Are we framing this right?… Food Poverty or Everyday Food Insecurity

While Food Poverty is a popular term within the food charity sector in the UK, is it really what you want to be doing? Is it, in fact, everyday food insecurity that you seek to support?  Continue reading

Reblogged from the Conversation: Capitalism has coopted the language of food-Costing the world millions of meals.

Capitalism has coopted the language of food – costing the world millions of meals

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Megan Blake, University of Sheffield

Hardly a day goes by when food is not in the news. We are at once encouraged to eat Continue reading

Doncaster Food Partnership

Over the last year I’ve been conducting research with Doncaster Public Health to help them understand how to move beyond interventions that target people and try to nudge them into changing their behaviour.  My work has focused on trying to understand how context shapes what people can and cannot do. This post highlights some of the findings from the research and makes some suggestions about how councils can support communities to be more resilient food landscapes. Continue reading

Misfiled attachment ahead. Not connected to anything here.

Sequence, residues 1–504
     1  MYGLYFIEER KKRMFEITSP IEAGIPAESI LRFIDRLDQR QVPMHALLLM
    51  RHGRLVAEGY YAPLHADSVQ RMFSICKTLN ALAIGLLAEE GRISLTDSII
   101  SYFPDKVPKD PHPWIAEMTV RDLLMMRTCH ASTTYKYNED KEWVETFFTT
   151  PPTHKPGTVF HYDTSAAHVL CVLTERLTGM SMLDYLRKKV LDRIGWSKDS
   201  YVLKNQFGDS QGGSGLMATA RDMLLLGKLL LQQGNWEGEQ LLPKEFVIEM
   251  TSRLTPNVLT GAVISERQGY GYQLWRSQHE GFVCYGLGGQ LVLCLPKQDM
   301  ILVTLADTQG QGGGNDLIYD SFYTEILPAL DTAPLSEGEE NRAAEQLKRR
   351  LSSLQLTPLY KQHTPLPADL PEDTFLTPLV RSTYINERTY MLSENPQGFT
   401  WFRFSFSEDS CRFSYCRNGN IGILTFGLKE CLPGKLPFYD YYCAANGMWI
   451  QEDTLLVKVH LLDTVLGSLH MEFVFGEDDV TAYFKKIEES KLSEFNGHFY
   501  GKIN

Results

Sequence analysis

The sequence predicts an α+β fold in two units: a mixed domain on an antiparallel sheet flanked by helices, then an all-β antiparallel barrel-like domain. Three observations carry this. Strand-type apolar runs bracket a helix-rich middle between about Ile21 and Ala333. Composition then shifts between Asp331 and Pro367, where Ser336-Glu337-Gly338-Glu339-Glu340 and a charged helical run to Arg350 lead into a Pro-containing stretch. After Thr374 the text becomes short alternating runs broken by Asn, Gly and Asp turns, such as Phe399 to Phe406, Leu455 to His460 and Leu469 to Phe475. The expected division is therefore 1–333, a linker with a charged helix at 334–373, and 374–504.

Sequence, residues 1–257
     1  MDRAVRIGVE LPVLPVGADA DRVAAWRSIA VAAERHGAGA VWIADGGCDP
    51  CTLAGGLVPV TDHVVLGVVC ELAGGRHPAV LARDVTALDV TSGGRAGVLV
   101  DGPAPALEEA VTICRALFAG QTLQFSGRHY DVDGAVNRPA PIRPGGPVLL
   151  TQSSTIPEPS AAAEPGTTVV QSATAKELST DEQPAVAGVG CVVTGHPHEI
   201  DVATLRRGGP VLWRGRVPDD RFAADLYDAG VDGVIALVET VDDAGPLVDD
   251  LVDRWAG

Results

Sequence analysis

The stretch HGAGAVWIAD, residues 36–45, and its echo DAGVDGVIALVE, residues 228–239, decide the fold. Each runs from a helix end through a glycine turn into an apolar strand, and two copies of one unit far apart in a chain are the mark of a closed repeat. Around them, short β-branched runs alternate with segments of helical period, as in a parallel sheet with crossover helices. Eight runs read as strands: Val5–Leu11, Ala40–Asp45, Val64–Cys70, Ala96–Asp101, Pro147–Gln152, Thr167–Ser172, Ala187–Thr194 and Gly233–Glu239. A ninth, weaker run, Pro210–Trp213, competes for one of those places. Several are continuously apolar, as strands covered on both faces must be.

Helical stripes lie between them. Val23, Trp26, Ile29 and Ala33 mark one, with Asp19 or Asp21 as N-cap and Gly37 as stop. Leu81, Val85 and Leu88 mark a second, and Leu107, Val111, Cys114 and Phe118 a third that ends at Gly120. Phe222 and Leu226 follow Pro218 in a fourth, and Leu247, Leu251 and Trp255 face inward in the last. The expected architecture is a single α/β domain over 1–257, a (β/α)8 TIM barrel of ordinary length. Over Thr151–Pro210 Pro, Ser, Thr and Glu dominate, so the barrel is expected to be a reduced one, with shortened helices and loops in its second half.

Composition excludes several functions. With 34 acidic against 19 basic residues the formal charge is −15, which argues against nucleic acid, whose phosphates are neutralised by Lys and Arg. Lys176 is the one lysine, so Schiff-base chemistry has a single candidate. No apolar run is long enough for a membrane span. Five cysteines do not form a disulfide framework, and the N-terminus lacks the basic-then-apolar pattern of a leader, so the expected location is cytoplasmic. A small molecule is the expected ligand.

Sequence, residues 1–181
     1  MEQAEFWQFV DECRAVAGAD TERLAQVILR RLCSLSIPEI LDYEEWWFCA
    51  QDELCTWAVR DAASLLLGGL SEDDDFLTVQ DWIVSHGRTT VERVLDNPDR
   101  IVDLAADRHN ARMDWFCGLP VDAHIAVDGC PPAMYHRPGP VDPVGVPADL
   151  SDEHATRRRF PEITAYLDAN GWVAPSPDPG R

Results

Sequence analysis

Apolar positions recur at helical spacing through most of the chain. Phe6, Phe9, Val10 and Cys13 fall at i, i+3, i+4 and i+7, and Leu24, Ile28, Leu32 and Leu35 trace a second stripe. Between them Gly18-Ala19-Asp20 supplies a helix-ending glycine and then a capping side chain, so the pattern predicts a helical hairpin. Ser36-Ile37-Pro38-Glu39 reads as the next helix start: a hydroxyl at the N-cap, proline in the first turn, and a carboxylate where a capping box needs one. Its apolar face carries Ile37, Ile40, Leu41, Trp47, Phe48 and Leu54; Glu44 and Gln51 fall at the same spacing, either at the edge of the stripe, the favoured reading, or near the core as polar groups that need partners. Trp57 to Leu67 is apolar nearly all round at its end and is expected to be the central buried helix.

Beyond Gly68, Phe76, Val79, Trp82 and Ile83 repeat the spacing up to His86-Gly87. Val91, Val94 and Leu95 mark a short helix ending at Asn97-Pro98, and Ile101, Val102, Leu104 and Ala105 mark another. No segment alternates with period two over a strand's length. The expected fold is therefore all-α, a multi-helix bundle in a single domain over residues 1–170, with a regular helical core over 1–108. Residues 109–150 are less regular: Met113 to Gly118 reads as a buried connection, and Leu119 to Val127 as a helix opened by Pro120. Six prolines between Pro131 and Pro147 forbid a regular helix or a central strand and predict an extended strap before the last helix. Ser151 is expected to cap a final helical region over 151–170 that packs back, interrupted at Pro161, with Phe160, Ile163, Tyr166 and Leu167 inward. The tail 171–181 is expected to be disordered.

Food Deserts and Unjust Foodscapes

This blog post draws from a forthcoming chapter I have written for The Routledge Handbook of Landscape and Food that is edited by Josh Zeunert and Tim Waterman.  The book will be published early in 2018.  I am drawing on a section that focuses on the food desert concept in order to show how the standard interventions aiming to address food deserts does little to reconfigure the institutional forces that give rise to unjust foodscapes in the first instance.  The excerpt closes by identifying some of the ways that food justice activists are tyring to address the problems.  The full chapter is available here to download.  Continue reading

Why SURPLUS food is important for feeding vulnerable people

There have been a number of arguments in the press and on social media arguing that the use of surplus food to feed food insecure people is at best only a short-term solution and at worst harmful (e.g., Caraher 2017).  I would agree that the hunger that is caused by poverty is not only not being addressed by the UK government (see Blake 2015, and a more recent update of the article published by GMPA) but in some cases is being enhanced by current government policy (e.g., a benefits system that has built in delays, draconian sanctions, programme cuts that impact on the most vulnerable). In reading the argument, however, a number of issues stand out as needing further clarification and interrogation.  Firstly, there is a lack of understanding about food surplus in terms of what it is.  Secondly, there is misconception about how food surplus becomes food for bellies as it travels through the charity sector. Thirdly, there is an overly narrow understanding of the value of surplus food both for charities and those whom they support. These issues are explored in this blog post. Continue reading